The height of a Field Notes notebook means you have a little extra if you place the card pockets as shown here, but I haven’t come up with a good way to get around it yet. The double row of stitching seems to be the consensus as the way do deal with it. The next one may have vertical card slots instead. Behind the cards is another pocket for notes or paper money.

full interior   Loaded inside

This ended up being the slightest bit too small, an annoying trend in my prototypes. It takes a little finagling to get the notebook properly ensconced in its pocket, and the back pocket on the left side could be a tad shorter – or the whole thing could be a tad wider making for a larger “middle” space between the sides.

All in all, however, I’d say it’s a success. Now to figure out a good way to get a pen loop in there…

Ducky new wallet

Posted in Projects on October 26th, 2015 by The Cyberwolfe

My older brother was impressed with my Firefly wallet and his birthday is this month so I made him something to show off.

Finished design

And the inside:

Wallet interior

Each of those diagonal slots will hold two or three cards, so there’s plenty of space.

Scrapbin Quickie

Posted in Projects on July 4th, 2015 by The Cyberwolfe

Several years back the wife tripped across the SHARPEST GORRAM KNIVES EVAR, and we’ve had to create new rules for dealing with them around the house lest we inadvertently lose an appendage. (Seriously, these things are like eating with a lightsaber. “Oh, I’ll just cut off a piece of this steak, mmm, wait, why did the table fall apart?”)

So, considering we have a bin for keeping tableware in when we go camping the chances of randomly losing a finger while looking for a spoon were pretty high, and the wife asked me to do something about it.


Camping sheath

(On a side note, pretty new slab under the sheath there. Woot.)

“Firefly”-themed Biker / Long wallet

Posted in Projects on February 22nd, 2015 by The Cyberwolfe

I have no worldly need for a wallet of this nature, and yet my brain would simply not let the idea go – so I made one. If nothing else, it was a learning experience and if I ever make another, that next wallet will be better for having made this one.

Still, I think it’s really cool :)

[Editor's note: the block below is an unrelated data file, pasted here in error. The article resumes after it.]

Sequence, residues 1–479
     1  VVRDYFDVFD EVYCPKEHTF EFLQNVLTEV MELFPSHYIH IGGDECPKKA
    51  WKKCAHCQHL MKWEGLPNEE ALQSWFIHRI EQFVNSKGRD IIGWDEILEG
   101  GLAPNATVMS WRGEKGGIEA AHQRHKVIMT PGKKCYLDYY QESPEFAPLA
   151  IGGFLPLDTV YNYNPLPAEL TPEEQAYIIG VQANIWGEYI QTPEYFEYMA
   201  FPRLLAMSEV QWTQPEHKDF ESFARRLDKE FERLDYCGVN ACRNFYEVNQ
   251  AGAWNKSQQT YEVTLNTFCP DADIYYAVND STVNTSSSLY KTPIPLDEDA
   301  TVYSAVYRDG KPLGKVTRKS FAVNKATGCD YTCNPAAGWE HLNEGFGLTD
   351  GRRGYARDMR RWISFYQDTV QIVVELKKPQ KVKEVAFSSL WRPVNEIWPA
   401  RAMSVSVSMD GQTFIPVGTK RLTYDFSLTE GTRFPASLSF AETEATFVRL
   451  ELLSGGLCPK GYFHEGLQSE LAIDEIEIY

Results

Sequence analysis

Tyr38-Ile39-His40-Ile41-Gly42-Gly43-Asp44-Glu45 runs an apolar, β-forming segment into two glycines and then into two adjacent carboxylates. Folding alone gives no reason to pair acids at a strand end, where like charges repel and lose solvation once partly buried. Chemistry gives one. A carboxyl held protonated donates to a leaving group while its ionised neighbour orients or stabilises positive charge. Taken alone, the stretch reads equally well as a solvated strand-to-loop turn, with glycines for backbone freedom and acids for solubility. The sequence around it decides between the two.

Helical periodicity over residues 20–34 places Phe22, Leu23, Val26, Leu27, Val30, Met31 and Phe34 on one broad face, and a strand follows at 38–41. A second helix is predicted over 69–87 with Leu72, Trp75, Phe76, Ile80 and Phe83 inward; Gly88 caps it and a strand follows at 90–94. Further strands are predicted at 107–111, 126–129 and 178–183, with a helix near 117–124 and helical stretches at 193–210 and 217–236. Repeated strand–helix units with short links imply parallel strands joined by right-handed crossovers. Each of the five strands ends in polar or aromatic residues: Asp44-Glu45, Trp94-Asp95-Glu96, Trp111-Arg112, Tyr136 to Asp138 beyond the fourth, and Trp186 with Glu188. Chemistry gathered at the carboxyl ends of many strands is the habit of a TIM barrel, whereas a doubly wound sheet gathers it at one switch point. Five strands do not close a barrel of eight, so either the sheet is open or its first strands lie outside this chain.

While I would love to have done a more detailed view of Serenity on the back, doing so would have required doing a much large image, and I was concerned about how folding it through the middle would affect the image, so we get just an outline.

The ‘back’ side makes everyone say “aww…” and sniff a little because that rat bastard killed Wash, but we’ll get over it someday:


On the inside, we find the usual zippered pocket and a stack of card slots. I’ve added another card slot behind the zipper pocket as a convenient place to stash my driver’s license. I tossed the idea of adding an ID card slot with a window to the front of the zipper pocket, but couldn’t quite come up with a design I liked. I’ll have to revisit that in the next one.

Speaking of that zipper – the big chunky one looks cool and all, but it doesn’t want to close once I have it opened. folding the pocket over tightly like that makes the teeth go out of alignment when you’re trying to close it. I’ll have to use a smaller zipper next time.


I lined the interior with the same pigskin that I used in the cell phone belt case I made some time ago. This leaves open the possibility of installing an RFID-proof liner in the next model as well – something I will probably do once the USA gets in sync with the rest of the world and starts using the new chip-and-pin cards like they use in Europe.

Here it is with some cards installed and the pockets open. There’s a bill pocket behind both sides, so plenty of room to store the cash that I never carry. (I live on my debit card instead.)